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Q+A – Can Sri Lanka fulfill agreed econ reforms with IMF?

[Reuters, Monday, 27 July 2009 15:22 No Comment]

The International Monetary Fund (IMF) approved a $2.6 billion loan for Sri Lanka to help the country through the global financial crisis and rebuild following a 25-year civil war.

Sri Lanka will immediately be able to tap the first disbursement of $322 million under the 20-month programme but the rest will be phased in, subject to quarterly reviews.

Following are some questions and answers on key conditions and whether the government will be able meet them.

WHAT IS THE HARDEST CONDITION FOR SRI LANKA TO MEET?

Maintaining a 7 percent budget deficit in 2009. Latest Ministry of Finance data showed the deficit has already hit 4 percent in the first four months of this year and economists expected the full-year figure to reach at least 9 percent.

They say the government will be forced to revise its populist policies to more economically rational ones if it wants to receive the entire $2.6 billion loan.

The 5 percent fiscal deficit target in 2011 will also be a difficult task for President Mahinda Rajapaksa, who faces a parliamentary and presidential election before then.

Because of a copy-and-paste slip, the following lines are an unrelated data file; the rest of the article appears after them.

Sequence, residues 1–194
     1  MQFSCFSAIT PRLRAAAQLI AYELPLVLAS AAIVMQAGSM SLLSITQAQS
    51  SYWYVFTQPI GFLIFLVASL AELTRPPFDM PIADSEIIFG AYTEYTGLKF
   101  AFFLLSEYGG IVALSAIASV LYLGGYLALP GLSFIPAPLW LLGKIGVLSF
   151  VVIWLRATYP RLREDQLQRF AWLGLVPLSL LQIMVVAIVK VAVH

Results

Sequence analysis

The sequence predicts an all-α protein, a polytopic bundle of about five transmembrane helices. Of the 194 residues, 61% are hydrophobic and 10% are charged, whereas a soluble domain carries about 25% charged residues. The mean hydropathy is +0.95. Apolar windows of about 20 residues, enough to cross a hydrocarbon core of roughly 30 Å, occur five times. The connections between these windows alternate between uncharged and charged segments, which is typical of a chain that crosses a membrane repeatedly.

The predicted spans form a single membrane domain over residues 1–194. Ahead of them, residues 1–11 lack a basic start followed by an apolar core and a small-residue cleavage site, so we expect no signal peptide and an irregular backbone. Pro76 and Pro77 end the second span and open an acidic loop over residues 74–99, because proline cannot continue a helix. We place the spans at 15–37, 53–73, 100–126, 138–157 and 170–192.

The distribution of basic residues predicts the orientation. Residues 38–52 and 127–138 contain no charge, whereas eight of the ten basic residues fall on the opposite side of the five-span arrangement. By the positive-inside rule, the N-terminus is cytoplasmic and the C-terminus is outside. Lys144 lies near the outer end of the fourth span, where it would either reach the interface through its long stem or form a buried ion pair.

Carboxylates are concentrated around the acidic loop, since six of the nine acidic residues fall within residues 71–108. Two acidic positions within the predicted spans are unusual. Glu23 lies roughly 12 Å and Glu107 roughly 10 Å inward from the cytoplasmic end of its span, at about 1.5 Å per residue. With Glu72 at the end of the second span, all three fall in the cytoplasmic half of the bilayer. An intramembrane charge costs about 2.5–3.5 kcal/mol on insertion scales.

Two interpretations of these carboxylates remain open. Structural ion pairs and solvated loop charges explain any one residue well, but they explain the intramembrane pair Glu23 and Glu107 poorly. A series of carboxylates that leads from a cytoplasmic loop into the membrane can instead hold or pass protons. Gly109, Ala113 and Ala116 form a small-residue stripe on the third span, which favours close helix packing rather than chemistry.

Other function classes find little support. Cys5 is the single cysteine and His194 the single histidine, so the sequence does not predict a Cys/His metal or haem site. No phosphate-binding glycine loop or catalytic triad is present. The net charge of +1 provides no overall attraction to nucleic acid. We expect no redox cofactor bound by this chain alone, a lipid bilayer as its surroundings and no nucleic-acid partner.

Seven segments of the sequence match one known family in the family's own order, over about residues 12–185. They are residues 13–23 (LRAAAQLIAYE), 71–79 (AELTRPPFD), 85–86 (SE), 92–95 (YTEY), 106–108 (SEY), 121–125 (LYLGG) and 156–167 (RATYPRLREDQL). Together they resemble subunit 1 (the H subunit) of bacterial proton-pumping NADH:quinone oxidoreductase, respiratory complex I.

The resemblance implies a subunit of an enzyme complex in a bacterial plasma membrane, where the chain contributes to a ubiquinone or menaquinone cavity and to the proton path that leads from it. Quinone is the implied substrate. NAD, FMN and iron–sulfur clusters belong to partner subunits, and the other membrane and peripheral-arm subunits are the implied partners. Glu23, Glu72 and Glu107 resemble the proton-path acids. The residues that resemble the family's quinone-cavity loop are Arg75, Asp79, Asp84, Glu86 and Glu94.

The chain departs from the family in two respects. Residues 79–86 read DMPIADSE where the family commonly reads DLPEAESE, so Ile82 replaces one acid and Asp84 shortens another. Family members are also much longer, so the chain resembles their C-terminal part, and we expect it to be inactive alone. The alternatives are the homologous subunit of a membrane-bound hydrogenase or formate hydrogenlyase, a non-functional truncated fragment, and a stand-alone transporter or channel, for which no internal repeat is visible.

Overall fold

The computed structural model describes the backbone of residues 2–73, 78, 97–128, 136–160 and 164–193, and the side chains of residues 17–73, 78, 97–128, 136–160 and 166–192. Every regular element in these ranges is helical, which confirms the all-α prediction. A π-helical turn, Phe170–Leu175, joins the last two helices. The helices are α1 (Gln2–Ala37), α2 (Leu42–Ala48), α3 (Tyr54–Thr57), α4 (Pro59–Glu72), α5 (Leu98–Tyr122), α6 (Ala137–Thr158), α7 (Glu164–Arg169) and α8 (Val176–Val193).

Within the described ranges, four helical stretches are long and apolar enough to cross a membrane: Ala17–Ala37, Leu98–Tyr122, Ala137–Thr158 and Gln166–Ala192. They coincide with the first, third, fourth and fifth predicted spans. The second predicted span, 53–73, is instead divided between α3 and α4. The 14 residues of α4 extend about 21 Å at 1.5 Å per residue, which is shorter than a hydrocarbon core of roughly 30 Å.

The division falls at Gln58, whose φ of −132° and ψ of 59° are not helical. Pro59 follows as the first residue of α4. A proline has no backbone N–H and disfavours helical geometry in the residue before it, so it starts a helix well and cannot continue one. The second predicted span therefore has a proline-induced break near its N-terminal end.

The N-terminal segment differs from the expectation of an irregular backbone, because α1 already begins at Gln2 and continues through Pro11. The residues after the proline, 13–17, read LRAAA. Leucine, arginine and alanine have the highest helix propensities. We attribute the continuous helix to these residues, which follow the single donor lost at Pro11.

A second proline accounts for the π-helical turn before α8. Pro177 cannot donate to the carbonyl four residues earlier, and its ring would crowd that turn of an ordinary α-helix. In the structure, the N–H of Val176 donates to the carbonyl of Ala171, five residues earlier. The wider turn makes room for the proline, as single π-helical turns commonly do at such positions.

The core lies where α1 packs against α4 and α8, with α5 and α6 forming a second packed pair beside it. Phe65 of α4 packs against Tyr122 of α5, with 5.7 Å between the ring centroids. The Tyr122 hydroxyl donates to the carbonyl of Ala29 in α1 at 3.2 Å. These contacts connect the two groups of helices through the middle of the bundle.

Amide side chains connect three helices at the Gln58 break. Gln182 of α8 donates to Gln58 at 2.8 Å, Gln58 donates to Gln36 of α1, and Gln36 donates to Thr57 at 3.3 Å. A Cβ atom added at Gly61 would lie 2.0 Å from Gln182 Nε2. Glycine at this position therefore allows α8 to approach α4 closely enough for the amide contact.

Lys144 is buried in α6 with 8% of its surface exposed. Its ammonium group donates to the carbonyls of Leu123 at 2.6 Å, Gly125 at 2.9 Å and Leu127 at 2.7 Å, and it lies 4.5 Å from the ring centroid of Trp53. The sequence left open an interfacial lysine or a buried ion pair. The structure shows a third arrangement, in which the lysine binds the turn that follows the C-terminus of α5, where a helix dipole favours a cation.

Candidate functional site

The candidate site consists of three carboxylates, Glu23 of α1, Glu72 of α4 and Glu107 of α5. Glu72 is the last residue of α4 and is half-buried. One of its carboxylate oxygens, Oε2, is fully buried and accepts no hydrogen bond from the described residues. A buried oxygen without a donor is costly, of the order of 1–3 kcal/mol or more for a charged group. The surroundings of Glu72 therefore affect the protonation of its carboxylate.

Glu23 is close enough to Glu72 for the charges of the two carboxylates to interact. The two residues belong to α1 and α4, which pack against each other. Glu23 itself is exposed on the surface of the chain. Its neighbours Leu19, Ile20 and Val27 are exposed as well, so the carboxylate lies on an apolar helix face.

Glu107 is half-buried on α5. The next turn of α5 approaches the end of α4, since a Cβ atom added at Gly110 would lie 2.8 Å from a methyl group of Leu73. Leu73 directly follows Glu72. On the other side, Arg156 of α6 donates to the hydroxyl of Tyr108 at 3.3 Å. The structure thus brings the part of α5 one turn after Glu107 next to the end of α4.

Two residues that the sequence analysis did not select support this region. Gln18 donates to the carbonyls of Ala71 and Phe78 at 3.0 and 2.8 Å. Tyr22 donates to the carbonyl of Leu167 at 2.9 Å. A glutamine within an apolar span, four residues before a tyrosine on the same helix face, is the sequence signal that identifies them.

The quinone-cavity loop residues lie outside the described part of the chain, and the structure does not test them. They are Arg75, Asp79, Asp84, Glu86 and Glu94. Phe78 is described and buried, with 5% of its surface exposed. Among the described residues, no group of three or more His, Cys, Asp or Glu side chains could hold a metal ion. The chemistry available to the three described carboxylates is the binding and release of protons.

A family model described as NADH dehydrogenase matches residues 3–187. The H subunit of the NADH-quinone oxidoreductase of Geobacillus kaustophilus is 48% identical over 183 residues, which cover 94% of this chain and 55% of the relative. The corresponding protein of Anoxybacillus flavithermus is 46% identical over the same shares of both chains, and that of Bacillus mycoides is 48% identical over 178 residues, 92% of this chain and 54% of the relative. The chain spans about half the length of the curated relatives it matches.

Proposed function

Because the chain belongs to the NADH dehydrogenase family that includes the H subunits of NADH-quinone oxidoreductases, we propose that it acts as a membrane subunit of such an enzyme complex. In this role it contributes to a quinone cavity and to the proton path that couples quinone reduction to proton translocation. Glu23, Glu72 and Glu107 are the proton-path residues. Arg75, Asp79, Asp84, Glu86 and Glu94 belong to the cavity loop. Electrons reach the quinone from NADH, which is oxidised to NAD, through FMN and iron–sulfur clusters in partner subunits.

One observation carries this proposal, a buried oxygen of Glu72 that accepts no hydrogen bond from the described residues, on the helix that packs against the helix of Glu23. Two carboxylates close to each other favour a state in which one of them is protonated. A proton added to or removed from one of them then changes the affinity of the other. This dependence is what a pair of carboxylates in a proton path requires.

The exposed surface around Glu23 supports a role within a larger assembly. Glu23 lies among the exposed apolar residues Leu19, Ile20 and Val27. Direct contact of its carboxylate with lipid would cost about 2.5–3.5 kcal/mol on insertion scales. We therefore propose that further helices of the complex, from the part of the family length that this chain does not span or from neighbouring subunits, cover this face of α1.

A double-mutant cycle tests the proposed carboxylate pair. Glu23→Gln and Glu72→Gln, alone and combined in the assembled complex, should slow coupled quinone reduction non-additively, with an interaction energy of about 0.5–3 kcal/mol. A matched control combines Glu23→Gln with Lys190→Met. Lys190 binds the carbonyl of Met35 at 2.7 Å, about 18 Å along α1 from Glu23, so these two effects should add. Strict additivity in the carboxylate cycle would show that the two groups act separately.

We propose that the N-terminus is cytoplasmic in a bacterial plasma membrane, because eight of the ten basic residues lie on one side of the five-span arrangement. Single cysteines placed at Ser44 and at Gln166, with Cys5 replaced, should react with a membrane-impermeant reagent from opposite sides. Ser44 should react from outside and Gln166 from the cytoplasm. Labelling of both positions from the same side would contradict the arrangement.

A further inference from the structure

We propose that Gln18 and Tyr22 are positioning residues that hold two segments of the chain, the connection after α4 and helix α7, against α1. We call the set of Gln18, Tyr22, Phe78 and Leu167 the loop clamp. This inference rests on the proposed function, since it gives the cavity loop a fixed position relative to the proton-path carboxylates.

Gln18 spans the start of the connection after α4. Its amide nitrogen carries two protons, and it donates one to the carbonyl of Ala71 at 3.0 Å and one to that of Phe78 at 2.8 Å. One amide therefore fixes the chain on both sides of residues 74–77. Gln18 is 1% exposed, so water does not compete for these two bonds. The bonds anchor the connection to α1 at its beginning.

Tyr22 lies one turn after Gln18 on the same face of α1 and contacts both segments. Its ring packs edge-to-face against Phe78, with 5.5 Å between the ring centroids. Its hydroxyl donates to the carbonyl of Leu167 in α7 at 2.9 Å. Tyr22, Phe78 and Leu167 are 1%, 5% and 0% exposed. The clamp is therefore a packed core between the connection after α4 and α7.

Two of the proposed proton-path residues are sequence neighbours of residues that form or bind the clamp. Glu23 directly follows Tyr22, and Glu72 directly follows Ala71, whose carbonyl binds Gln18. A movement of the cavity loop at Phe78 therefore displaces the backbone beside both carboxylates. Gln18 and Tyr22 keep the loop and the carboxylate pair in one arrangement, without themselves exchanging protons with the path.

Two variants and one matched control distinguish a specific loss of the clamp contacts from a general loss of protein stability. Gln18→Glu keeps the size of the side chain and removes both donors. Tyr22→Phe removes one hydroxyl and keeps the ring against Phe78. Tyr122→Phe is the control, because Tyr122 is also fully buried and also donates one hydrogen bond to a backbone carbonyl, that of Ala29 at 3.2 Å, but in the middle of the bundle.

Analysts say the Rajapaksa administration, which has already promised to cut military expenditure after the war, could introduce new indirect taxes to increase revenue.

But that might be unpopular with the electorate. So Rajapaksa could take advantage of his current high popularity and call for elections early and, assuming he wins, implement the less popular policies afterwards.

WHAT WILL IMF DO IF SRI LANKA FAILS TO MEET THE CONDITIONS?

Initially, the IMF is likely to be flexible, taking into consideration Sri Lanka’s post-war situation. However, continued failures to meet conditions will compel the lender to stop disbursement of the loans, which would be negative for domestic markets. The IMF discontinued a previous loan programme due to Sri Lanka’s failure in adhering to its conditions in 2001.

WHAT IMPACTS WILL THE CONDITIONS HAVE ON THE ECONOMY?

Inflation is expected to pick up. The government has agreed with the IMF to halt subsidies to loss-making state enterprises Ceylon Electricity Board (CEB) and the Ceylon Petroleum Corporation (CPC). That is likely to lead to higher inflation via increased energy prices, raising pressure for policy rates to rise.

WILL THE EXCHANGE RATE POLICY BE AN ISSUE?

No. One of the conditions state that the central bank must allow flexibility in the foreign exchange rate and limit intervention to smooth volatility in the market. But the IMF has also said the flexibility should help maintain exporters’ competitiveness, suggesting it is in line with the current central bank policy of intervening only when the rupee is depreciating.

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